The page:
ACT New Zealand promotes free markets, free ideas, personal responsibility and personal accountability – all those principles progressive, virtue-signalling governments oppose – and while they support the concept philosophically, the current bill needs a lot more work before they can support it further.
“We fully support the intention of going after the gangs and illegal firearms, but this bill needs more work before ACT can support it at future stages,” says Nicole McKee, Firearms Spokesperson for ACT New Zealand.
Their primary concern is the proposed bill does not protect innocent citizens from getting caught up in this new regulatory net.
“There are also questions about the potential culpability of dealers who supply items that don’t require a firearms licence to purchase or own to customers who are the subject of an Firearms Prohibition Order (FPO). There are no details about how a business owner or a licensed firearms owner is to know an FPO has been placed on an individual,” McKee said.
More Virtue Signalling?
The New Zealand government goes to great pains to extol the virtues of Firearm Prohibition Orders without ever addressing the greatest pitfall of these well-intentioned schemes – enforcement.
“Firearms Prohibition Orders would prohibit high-risk people from using, accessing, or being around firearms. Breaching the conditions of a Firearms Prohibition Order would be a criminal offence,” says the public consultation page for the New Zealand Police.
It’s a great sound bite, but as the epic failure that is Canada’s Firearm Prohibition Order system shows, pieces of paper don’t stop people with bad intentions from getting their hands on guns illegally.
Canada’s mountain of evidence against using this exact system notwithstanding, on February 13, 2020, the New Zealand government introduced a bill to create a Firearms Prohibition Order regime to “prevent high-risk people from having access to firearms.”
Arms (Firearms Prohibition Orders) Amendment Bill (No 2):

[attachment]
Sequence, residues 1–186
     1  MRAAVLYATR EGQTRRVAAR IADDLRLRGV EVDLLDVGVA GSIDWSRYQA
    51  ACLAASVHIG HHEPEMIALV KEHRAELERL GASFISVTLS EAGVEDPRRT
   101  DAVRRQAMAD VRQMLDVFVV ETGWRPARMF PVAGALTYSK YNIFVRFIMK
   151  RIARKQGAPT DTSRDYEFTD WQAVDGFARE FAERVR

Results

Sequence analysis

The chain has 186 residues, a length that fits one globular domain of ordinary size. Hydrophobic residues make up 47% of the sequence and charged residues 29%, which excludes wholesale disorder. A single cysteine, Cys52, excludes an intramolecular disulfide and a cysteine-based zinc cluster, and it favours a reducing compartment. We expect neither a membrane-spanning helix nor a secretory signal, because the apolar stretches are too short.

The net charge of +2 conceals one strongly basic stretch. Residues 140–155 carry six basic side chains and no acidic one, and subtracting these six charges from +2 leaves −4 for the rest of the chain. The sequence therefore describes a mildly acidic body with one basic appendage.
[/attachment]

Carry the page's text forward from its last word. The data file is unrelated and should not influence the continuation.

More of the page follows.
provides strong new powers for Police to make sure the most dangerous gang members don’t have firearms, while not putting unnecessary restrictions on legal gun owners. This Bill puts in place new Firearms Prohibition Orders (FPOs) which will apply to the toughest gang members with serious offending histories. Gang members won’t be able to hold firearms licences.
FPOs provide new powers for Police to search the persons, vehicles, and premises of specified serious and violent gang members for firearms at any time.
The bill also allows police to refuse a firearm licence based on whether, “in the opinion of a commissioned officer of Police”
- a person is a member of a gang,
- is not a fit and proper person to be in possession of a firearm.
This builds on the existing foundation for police discretion to issue a firearm licence spelled out in New Zealand’s Arms Act 1983, which states:
A firearms licence shall not be issued to a person if, in the opinion of a commissioned officer of Police, access to any firearm or airgun in the possession of that person is reasonably likely to be obtained by any person—
(a) whose application for a firearms licence or for a permit under section 7 of the Arms Act 1958, or for a certificate of registration under section 9 of the Arms Act 1958 has been refused on the ground that he is not a fit and proper person to be in possession of a firearm or airgun; or
(b) whose certificate of registration as the owner of a firearm has been revoked under section 10 of the Arms Act 1958 on the ground that he is not a fit and proper person to be in possession of a firearm; or
(c) whose firearms licence has been revoked on the ground that he is not a fit and proper person to be in possession of a firearm or airgun; or
(d) who, in the opinion of a commissioned officer of Police, is not a fit and proper person to be in possession of a firearm or airgun.
Canada’s Failed Firearm Prohibition Order System
In Canada, over 1,110 individuals subject to a Firearms Prohibition Order are arrested every year for violating those orders.
It’s easy to understand why.
- No police agency in Canada tracks individuals with Firearm Prohibition Orders registered against them.
- There is no legal requirement for police to track individuals with Firearm Prohibition Orders registered against them or routinely check on them to ensure compliance.
- There is no legal requirement for individuals with Firearm Prohibition Orders to notify police when they move to a new residence. Police have no idea where these people are.
People with a history of violent offences are a proven danger to public safety, yet these are the people our government refuses to check on or track.
New Zealand’s proposed system is modeled on Canada’s failed Firearm Prohibition Order scheme. If implemented, it will fail for the same reasons Canada’s system continues to fail year after year.
Until and unless any prohibition scheme is backed by an effective system for tracking and checking on violent offenders to ensure they comply with their Firearm Prohibition Orders, all the pieces of paper in the world will not prevent violent criminals, gang members or anyone else from illegally obtaining as many guns as they want.
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